3. geoff - February 1, 2015

I’ll probably buy a spare myself.

4. ChrisP - February 1, 2015

My Bosch Tank-less is 8″x24″x16″.
Works great…

5. geoff - February 1, 2015

The email goes on to say:

Some people might think installing a tankless water heater will solve the issue but it opens the door for a number of other problems. The foot print of a tankless water heater is great but they require different venting than a standard water heater. They also require electrical power, possibly meaning the need to install a new electrical circuit. Tankless gas water heaters also require much more gas. A typical tank type water heater is 40K BTU, a basic tank less is 180K to 199K BTU, so the existing gas pipe to each unit may not be large enough to handle the volume.

6. sobek - February 1, 2015

It doesn’t affect me because I’m stinking rich. Good thing there isn’t a political party that stands up for poor people.

7. Retired Geezer - February 1, 2015

I considered a tankless water heater but they need a lot more maintenance than I’m willing to give (in this Hard Water town).

Kinda finicky and the other reason that geoff gave.

8. daveintexas - February 2, 2015

Mine is 16 years old. I’m buying a new one and a spare this week.

9. Cathy - February 2, 2015

I’m gonna tell hubby. With all the ‘guests’ in the home these past few weeks, we ‘experienced’ lots of down-time and cold showers. Yuck. We currently have a relatively new electric but the home has access to gas. I think we should get a plumber here and get a gas one in STAT.

10. Retired Geezer - February 2, 2015

Gas is a better choice. I wish we had it here at Camp Geezer.

11. Nanny G - February 2, 2015

In Utah there are public ”green” ads pushing lowering your water temp to save energy.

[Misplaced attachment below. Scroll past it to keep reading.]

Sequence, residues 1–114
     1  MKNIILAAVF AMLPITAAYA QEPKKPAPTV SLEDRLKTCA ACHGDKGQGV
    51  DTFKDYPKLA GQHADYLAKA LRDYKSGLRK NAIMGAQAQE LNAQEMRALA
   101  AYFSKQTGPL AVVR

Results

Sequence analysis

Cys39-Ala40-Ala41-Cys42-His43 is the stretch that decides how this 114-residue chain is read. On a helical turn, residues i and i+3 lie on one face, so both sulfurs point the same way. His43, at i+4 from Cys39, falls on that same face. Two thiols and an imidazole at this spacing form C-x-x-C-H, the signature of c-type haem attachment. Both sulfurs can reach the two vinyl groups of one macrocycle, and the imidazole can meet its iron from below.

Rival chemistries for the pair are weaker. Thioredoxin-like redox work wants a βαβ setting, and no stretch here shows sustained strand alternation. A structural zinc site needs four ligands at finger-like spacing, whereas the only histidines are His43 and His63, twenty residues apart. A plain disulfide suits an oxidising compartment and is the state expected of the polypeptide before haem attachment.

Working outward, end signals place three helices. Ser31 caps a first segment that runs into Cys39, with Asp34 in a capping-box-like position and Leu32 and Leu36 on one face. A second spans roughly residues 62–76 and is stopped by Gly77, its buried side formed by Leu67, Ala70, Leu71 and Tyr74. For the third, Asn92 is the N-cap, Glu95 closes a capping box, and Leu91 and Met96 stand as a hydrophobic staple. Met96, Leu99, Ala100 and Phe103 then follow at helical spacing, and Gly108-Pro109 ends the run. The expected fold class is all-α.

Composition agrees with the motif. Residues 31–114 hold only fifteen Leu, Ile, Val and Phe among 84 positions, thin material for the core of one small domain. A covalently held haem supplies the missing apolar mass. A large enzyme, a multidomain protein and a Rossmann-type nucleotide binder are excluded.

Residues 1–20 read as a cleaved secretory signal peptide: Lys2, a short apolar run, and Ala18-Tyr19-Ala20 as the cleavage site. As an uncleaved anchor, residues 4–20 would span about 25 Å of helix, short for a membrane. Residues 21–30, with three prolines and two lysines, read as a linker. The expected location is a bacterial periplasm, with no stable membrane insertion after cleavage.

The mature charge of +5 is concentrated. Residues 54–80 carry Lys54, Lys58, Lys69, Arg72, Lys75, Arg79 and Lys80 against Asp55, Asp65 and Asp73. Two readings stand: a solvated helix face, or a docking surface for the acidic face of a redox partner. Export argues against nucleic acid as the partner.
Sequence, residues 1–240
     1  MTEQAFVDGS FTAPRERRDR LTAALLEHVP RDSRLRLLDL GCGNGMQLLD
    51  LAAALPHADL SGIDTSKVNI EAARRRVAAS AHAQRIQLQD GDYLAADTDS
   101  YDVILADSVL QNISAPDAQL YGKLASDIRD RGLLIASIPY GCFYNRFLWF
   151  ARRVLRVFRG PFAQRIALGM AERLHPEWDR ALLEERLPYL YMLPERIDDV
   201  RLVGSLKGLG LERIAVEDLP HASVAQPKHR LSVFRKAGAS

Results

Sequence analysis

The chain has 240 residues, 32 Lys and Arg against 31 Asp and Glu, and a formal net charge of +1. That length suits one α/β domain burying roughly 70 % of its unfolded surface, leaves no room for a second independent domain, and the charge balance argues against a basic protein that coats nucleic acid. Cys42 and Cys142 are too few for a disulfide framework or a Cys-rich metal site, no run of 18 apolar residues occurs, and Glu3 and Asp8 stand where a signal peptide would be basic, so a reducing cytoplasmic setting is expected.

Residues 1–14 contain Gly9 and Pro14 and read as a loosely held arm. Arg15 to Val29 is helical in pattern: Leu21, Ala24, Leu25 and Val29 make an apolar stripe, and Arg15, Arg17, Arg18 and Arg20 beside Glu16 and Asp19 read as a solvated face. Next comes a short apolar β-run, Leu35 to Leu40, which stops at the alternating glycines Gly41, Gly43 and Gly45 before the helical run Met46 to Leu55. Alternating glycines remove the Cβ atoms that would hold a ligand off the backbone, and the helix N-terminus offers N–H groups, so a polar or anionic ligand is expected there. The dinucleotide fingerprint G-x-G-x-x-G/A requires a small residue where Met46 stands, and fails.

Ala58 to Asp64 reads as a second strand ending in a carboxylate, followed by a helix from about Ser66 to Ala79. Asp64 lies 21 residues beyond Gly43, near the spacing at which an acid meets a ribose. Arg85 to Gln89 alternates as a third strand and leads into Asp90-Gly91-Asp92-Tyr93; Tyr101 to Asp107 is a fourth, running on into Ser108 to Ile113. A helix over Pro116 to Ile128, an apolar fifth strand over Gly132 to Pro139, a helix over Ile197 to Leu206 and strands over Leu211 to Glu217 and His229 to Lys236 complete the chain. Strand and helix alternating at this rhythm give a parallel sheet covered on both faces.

The incidence of disease from not being able to really clean one’s dishes and pillowcases will necessarily skyrocket as people take this bad advice.
We moved here into a place where all the machines were original equipment.
So, new hot water heater, first-time water softening, new home heating, new fireplace, new dishwasher, new shower plumbing, new stove (induction/convection) and new fridge.

I am amazed at how anti-long-term thinking these ”greenies” are.
Wait until they are sick and not getting better.
Wait….that might be a feature and not a bug, too.
Get rid of all the dead wood.

12. skinbad - February 2, 2015

We’re getting old. So is my water heater.
https://michaelscomments.wordpress.com/2006/05/08/skinbad-1-water-heater-120-degrees/

Geezer’s plan to buy a replacement before the new regs kick in is typical old-man cunning. I like that guy.

13. ChrisP - February 2, 2015

The tankless does require different venting, but the new ones require no electrical input,
There is an internal turbine that supplies the power for the igniter and the temp regulation. It runs when water flows through the heater.
They only burn gas while you are heating water.
You are not burning gas keeping 50 gallons of water at temperature while no hot water is being used.